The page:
What Does the ‘New Accredited Employer Work Visa’ Mean for Employers?12 May 2021
Update as of 7 April 2022:
- INZ released further updates on the fee and estimated processing timeframes for the 3 steps to hiring a migrant on an Accredited Employer Work Visa (AEWV). Find out here!
Update as of 22 March 2022:
- INZ released further updates on the accreditation and job check steps. Please see them here.
We now know that:
- The current employer accreditation system will close on 30th June 2021.
- INZ will begin accepting applications under the new system from late September 2021.
- The 3 check system and Accredited Employer Work Visa (AEWV) will go live on 1st November 2021
- As of 16 July 2021, Immigration New Zealand has deferred the new employer accreditation system and the new Accredited Employer Work Visa from 1 November 2021 to mid-2022. Official dates for both are yet to be announced.
- Updated: In late October 2021, the Government finally confirmed that beginning 4 July 2022, an employer must be accredited in order to employ a migrant worker on an employer-supported work visa.
The AEWV will replace key work visa categories i.e., Essential Skills, Talent (Accredited Employer) and Long Term Skill Shortage List.
What Does This New Accreditation Mean for Employers?
Employers need to apply for and obtain accreditation from INZ before they start hiring migrants on AEWVs. Accreditation is only needed for supporting employment-specific visa applications. This means accreditation is not required for hiring visa holders with open work rights. This includes but is not limited, post study work visa, student visa or partnership work visa holders.
Businesses employing migrants who hold a current talent or essential skill work visa don’t need to become accredited until they want to hire someone on a new work visa or until their employee’s visa runs out and employer support is needed for their next visa – on or after 1st November 2021.
We also know that Labour Market Tests will be required in Auckland, Hamilton, Wellington, Christchurch and Dunedin, unless the occupation falls into one of the skill shortage lists and meets the requirement of that list.
With all this information now known, taking a last-minute approach to employer accreditation can be risky for a business and its continuity. Especially, since accreditation and visa processing time frames are currently unknown. Getting this timing and planning wrong could potentially create several long-lasting issues for the business and for their visa holder employees including uncertainty about further visa renewal leading to anxiety amongst employees and a possible gap in resources within the business.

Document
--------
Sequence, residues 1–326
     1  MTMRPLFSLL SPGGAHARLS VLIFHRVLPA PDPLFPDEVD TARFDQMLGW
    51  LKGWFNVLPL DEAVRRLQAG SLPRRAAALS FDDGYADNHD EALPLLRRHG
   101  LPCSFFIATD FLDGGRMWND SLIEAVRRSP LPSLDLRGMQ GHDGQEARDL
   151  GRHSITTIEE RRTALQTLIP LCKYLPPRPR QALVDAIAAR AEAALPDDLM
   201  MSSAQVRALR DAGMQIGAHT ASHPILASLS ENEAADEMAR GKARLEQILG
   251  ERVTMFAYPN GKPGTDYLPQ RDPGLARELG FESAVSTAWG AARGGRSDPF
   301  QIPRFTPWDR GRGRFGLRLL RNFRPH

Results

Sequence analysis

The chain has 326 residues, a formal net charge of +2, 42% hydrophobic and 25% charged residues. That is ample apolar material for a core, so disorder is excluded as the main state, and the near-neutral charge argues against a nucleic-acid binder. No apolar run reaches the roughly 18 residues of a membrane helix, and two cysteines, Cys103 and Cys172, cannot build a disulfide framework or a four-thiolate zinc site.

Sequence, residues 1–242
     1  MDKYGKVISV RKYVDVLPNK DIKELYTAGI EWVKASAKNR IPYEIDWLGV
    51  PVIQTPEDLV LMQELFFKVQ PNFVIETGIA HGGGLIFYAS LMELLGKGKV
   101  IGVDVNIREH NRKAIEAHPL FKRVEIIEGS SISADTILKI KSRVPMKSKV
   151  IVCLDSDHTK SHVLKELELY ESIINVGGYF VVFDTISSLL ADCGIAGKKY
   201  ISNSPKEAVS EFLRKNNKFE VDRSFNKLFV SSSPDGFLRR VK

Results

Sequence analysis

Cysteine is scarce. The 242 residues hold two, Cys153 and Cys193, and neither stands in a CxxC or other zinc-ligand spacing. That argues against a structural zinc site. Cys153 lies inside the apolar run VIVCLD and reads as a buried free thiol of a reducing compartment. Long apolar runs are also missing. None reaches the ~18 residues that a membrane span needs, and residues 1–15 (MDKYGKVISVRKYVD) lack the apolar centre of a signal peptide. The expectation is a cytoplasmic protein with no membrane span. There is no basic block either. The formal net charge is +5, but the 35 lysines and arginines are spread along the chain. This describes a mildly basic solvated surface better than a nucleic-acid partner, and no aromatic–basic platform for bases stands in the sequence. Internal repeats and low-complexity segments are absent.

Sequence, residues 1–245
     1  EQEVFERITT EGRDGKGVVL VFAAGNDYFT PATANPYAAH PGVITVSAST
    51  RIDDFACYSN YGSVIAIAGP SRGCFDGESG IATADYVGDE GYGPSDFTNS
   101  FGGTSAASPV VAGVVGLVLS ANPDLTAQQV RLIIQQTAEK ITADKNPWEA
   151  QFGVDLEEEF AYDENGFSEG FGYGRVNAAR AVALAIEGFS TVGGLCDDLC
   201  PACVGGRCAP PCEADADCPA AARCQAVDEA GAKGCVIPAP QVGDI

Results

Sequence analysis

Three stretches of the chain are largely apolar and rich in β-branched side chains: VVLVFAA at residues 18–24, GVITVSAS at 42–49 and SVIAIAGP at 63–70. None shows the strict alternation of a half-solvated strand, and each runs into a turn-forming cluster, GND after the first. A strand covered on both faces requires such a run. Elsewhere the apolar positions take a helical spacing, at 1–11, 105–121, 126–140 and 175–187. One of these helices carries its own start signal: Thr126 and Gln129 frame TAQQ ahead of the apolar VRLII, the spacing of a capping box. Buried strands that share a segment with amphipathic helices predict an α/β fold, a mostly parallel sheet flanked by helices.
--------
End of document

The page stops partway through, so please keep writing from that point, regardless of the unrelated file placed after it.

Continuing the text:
The government’s goal for these new policies is to combat migrant exploitation by strengthening requirements on employers. It also serves the purpose of encouraging employers to focus on ways to train and upskill New Zealanders. As a result, it is anticipated that the new system will have key benefits as it would allow businesses to employ migrants only where there are genuine skill shortages.
Employers: Don't Take Unnecessary Risks when It Comes to Accreditation
To put all this information into perspective for employers across NZ and help plan for change effectively, we are co-hosting panel events in Auckland, Wellington and Christchurch. Panelists from INZ, RCSA, local business chambers and Aims Global will make sense of the myriad policy updates and help you understand how to navigate this new world of immigration. Secure your seats and join us for one or all of our panel discussions through the links below.
Providing professional immigration advice and support for over 15 years. Aims Global is an agile team of licensed immigration advisers and experts who are skilled advocates for our clients and are always at the forefront of policy changes.
Our mission is to help our clients achieve their goals through simplifying the complex immigration process. We are experts in understanding your needs so we can fulfil your purpose, whether you’re an employer, employee, student, or family.
- by Ritika Singh & Arunima Dhingra